Why Is My Freezer Making a Loud Humming Noise? 7 Causes and Solutions

A freezer is an essential appliance in any kitchen. If you suspect something is wrong with it, you need to act fast to determine the cause of the problem and fix it.

One of the most common questions we get regarding freezers is “why is my freezer making a loud humming noise?”, so we decided to put together the guide below to help you get to the bottom of the issue.


We’ll discuss normal and abnormal freezer sounds, possible reasons your freezer is making loud humming noises, and ways you can resolve them. Let’s get started!

Is It Normal for a Freezer to Make Noises?

Yes, it’s normal for a freezer to make noises — this is just part of its operation. Noises that you don’t need to worry about include:

  • A low or moderate humming noise when the compressor is working.
  • A low or moderate buzzing noise, also when the compressor is working.
  • A gurgling noise that results from the flowing of the refrigerant through tubing at the end of a cooling cycle.
  • Cracking or popping noises can happen due to the contraction and expansion of the freezer’s inner walls in response to changes in temperature.
  • A clicking noise as the defrost timer turns on and off.

When Are Freezer Noises a Sign of a Problem?

If your freezer is making noises that are too loud or unusual sounds, it could be a sign of a problem.

A high-pitched, loud humming noise can be an indication that your freezer is experiencing issues with its evaporator fan, condenser fan, condenser coils, compressor, or air vents. It can also mean a problem with the ice maker/dispenser or the positioning of the appliance.

7 Reasons Your Freezer Is Making a Loud Humming Noise and How to Fix Them

Now that you have a better idea of normal vs abnormal freezer noises, let’s take a closer look at what could be causing the loud humming noise in your freezer.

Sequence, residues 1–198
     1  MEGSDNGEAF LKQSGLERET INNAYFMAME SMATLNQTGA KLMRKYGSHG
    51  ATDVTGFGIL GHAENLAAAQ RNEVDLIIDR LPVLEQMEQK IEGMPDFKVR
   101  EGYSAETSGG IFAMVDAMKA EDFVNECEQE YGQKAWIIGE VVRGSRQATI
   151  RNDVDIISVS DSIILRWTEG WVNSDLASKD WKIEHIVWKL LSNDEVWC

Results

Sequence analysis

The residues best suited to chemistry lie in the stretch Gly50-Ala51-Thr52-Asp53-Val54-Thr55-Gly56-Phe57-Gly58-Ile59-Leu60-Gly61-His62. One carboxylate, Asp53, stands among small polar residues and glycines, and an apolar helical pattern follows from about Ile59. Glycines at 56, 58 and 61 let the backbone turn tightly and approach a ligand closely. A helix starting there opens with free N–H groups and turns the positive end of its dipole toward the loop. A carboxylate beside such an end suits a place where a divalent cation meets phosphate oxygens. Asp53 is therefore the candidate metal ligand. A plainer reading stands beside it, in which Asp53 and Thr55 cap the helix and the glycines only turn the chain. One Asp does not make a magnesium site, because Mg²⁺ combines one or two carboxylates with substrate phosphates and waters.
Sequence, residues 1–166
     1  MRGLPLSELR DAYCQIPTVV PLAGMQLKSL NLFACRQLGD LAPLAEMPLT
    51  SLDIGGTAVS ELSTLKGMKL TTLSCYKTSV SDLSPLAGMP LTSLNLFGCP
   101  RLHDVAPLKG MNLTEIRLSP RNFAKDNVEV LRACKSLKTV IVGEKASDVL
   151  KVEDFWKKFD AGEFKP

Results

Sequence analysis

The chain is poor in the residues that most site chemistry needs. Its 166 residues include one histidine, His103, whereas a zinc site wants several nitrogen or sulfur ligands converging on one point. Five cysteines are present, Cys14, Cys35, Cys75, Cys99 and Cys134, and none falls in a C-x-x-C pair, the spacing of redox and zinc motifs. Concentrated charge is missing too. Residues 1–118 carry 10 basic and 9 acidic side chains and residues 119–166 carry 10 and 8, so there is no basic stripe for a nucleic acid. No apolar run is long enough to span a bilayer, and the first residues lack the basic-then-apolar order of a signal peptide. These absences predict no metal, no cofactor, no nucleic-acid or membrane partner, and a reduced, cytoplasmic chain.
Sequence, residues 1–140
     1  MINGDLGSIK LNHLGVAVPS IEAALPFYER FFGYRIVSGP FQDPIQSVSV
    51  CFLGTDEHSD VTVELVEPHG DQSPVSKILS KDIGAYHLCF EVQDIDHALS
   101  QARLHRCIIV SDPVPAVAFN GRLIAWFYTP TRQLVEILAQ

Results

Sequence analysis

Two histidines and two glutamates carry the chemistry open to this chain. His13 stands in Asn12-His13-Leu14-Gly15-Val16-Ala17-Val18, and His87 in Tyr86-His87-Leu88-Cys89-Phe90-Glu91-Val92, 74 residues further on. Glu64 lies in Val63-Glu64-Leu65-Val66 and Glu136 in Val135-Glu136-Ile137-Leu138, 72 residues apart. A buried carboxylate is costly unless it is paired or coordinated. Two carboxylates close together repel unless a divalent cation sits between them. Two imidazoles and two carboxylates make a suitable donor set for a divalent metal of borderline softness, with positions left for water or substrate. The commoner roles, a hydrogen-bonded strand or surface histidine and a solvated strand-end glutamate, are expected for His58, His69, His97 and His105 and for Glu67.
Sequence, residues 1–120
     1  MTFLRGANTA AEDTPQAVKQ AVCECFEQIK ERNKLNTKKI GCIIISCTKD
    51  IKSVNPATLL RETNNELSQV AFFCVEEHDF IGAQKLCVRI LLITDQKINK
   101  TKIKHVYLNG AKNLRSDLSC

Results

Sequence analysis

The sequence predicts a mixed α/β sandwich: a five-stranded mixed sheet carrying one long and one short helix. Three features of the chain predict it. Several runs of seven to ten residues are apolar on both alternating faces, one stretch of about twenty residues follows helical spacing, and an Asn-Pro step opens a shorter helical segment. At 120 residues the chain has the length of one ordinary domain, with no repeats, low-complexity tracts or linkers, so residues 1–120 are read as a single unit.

1. The Evaporator Fan Is Faulty

An issue with the evaporator fan can cause your freezer to make a loud humming noise. The culprit could be the evaporator fan’s blade or motor as follows:

Evaporator Fan Blade

A frozen evaporator fan blade can occur due to the buildup of ice, dirt, and debris over time. With a clogged fan, the evaporator will cool down less air, slowing down the freezer’s operation.

In this case, the noise will be the result of the blade hitting the accumulated ice or the frozen blade moving heavily. A defrosting session is an ideal solution for such an issue.

If your freezer is frost-free, you may be looking at a damaged evaporator fan blade. You can access the fan from behind the evaporator cover or the air grille to check its blade and replace it if necessary.

Evaporator Fan Motor

The parts of the evaporator fan motor can get worn out or dried up over time. This can cause a loud humming noise in the appliance.

The best solution here is to replace the motor. Start by unplugging the freezer from the power outlet, then access the evaporator as mentioned above. After that, detach the wire harness connector, take out the mounting screws, and install the new motor.